Robbi Rodriguez is one of the most promising up and coming artists in the industry. Â His grasp of pencil and ink is making him an in-demand creator. Â With projects for Image Comics both behind him and in his future, and a current gig doing the art chores on Oni Press’s“Maintenance” with writer Jim Massey, he’s only going up from here. With “Maintenance” #1 now in shops, CBR News caught up with Rodriguez to learn more about his work on the series and what’s next.
CBR News : I first met you online through writer friends of ours, back in early 2005 when you were still working on “Hero Camp” for Image. Â Were the “Hero Camp” mini-comics your first comic work, or did you do some smaller stuff before that?
Robbi Rodriguez : I did a few little comics for my amusement, But I would just get a chuckle out of them and then toss it. But as for as Joe Q-public seeing…yeah.
CBR : What did you read growing up that made you want to make comics? Â What were some of the books that influenced you?
Rodriguez : My Dad was a big comic guy and still is and I read a ton of his old comics. Stuff like the EC books, Alan Moore’s “Swamp Thing,” “Brave and the Bold,” the Neal Adams “Batman” run because my Dad was a huge fan of his, “Daredevil,” and I think “Deadman,” and the Jack Kirby 4th world stuff. Then “Watchmen” and “Dark Knight Returns” were just coming out then, too, so I was into that. I remember punching a kid when we played superheroes after reading “Dark Knight” one time.
But the comic that made me want to create comics was “Miracle Man/Marvel Man.” That shit blew my mind growing up.
CBR : The Alan Moore “Miracle Man” or the “Neil Gaiman” stuff? There were several artists attached to that series, so was it more the story that inspired you or a particular artist?
Rodriguez : It was the stories. I never really paid attention to who created comics back then (I still don’t in some ways), but what got me was that you don’t have to have a traditional superhero story. You can go on these wild rides that really get you to think and linger on them long after you’re done with the issue. My dad still has those, too. I bet I could get a mint for them.
CBR : I bet! Â Every review I’ve read with you ends up with a Mike Allred comparison. Â Are you a fan of his? Â How do you feel about that comparison?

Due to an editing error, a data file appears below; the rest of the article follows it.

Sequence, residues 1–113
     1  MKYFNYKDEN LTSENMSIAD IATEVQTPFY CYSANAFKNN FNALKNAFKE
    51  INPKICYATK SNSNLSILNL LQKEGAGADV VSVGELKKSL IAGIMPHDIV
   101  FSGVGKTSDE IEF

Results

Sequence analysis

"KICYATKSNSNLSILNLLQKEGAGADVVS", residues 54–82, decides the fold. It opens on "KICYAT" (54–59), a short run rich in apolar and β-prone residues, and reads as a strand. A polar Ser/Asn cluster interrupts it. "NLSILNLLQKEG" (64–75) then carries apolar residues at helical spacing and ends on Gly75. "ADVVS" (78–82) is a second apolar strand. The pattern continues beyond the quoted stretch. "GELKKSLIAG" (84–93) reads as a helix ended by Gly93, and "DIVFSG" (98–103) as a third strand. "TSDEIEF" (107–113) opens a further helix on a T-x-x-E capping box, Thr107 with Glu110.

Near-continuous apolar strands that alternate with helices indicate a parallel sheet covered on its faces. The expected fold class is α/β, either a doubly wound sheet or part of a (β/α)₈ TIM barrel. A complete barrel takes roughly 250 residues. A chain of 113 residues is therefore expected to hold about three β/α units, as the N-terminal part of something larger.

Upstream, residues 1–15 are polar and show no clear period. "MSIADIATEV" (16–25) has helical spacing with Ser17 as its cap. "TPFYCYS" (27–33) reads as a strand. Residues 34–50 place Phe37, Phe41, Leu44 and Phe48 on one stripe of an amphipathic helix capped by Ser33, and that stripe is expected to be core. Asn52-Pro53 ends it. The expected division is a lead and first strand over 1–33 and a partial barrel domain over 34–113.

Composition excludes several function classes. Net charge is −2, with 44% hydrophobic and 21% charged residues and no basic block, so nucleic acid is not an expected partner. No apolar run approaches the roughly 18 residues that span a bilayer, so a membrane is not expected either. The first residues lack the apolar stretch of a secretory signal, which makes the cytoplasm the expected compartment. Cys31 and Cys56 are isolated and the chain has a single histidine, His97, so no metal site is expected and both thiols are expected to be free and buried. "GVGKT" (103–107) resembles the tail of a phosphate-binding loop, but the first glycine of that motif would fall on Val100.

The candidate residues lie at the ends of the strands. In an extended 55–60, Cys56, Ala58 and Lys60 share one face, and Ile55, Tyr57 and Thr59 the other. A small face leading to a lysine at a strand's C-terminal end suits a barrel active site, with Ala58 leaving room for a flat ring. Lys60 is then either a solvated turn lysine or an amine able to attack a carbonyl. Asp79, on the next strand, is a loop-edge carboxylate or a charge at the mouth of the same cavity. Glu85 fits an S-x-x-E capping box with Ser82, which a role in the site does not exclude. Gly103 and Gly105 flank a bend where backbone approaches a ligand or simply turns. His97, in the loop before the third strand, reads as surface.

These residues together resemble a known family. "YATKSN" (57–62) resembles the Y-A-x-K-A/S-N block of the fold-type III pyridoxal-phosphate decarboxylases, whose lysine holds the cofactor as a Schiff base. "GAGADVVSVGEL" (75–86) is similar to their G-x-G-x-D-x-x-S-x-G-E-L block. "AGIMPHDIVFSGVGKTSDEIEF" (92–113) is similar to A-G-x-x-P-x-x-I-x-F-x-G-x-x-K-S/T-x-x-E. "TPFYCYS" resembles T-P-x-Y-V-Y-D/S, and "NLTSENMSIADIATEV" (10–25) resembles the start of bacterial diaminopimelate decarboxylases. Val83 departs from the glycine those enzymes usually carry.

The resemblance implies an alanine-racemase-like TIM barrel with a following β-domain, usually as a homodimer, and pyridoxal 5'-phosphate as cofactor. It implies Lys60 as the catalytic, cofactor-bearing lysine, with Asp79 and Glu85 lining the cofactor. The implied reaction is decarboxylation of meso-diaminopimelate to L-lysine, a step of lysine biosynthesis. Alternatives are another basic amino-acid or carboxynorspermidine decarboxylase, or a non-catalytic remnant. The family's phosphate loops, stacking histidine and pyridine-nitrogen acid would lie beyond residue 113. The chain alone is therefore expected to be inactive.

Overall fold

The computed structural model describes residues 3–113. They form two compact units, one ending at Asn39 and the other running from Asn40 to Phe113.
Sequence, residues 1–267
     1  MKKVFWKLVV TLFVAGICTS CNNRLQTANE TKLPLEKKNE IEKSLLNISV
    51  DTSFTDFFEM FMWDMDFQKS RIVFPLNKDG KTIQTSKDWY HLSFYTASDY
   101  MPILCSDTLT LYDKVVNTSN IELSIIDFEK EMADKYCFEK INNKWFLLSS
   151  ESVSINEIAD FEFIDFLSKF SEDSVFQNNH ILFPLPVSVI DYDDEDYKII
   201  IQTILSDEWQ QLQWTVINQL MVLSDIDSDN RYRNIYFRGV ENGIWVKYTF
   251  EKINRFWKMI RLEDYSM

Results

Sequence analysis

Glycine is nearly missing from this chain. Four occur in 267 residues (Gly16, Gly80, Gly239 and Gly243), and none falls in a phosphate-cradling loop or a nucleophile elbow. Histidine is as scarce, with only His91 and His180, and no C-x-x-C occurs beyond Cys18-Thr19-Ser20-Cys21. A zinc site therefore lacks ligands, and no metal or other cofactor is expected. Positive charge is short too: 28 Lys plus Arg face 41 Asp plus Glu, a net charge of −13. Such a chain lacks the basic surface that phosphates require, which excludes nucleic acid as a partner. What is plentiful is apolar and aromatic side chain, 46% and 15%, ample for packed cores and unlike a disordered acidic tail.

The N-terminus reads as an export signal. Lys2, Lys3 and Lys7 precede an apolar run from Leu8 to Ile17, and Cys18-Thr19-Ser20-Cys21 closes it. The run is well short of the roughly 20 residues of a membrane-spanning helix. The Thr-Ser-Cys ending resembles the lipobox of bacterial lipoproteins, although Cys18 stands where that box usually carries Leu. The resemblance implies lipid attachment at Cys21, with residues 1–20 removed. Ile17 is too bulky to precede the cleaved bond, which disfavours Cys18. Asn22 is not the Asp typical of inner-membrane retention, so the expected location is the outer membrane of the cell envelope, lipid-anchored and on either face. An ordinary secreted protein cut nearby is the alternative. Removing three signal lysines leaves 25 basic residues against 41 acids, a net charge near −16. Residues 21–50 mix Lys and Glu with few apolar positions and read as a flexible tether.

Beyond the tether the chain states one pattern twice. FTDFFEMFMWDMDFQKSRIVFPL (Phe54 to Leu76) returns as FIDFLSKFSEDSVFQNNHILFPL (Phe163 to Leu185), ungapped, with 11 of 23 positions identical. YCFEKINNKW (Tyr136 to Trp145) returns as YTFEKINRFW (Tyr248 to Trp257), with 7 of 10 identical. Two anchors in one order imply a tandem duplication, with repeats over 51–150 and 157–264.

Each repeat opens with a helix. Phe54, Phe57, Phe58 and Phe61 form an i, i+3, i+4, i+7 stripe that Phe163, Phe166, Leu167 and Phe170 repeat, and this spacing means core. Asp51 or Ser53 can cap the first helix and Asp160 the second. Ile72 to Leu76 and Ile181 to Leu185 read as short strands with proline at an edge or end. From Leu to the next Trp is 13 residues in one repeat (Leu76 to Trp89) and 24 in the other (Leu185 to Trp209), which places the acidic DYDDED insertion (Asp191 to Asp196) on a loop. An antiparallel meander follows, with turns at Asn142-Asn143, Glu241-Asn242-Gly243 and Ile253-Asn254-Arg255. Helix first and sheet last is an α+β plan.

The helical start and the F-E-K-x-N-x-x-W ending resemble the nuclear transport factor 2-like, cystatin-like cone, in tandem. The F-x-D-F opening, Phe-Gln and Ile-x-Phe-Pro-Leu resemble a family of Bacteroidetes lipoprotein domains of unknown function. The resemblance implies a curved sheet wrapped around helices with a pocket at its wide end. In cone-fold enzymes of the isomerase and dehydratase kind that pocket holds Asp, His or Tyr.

Rodriguez : With the “Hero Camp” stuff, yeah they did. I didn’t really mind it. I’m not the biggest fan of his stuff, but there are parts of his work that I have taken in as an influence – like his inking and those circle panels he uses for talking scenes. I think Mark A. Smith said he met him [Allred] at a show once and he liked the work I did on that mini. But I would rather be compared with Allred then say the director Robert Rodriguez which I get more just due to my name, let alone being a storyteller also.
CBR : When looking at your work on “Maintenance,” it’s obvious you’ve changed up your style a bit compared to previous projects. Â What prompted the changes?
Rodriguez : I feel it’s more of a progression than a change. When I was first trying to break in, I was drawing very realistic. I was doing work like Bradstreet and Greg Land without using photo reference. But I feel like the hand cuffs were always on with that style and I wasn’t having fun with it at all. You could see a slight example in “Night Club” [from Image Comics, of which Rodriguez illustrated issues #3 & 4]. But I was trying to do more of a mainstream style on that one. So, when I was offered the gig for “Maintenance,” I wanted to play around more. So, I stepped back and started the style I’m working on now and I’m just having a ball with it and it increased my production. I can exaggerate and play up things that you just couldn’t do in a realistic style. A simple thing like a punch, if you draw a punch from real life with no real exaggeration, it just comes off as dull. But in this style, I can really play it up and have it come off as someone getting the shit knocked out of them – so, yeah I’m happy with the results.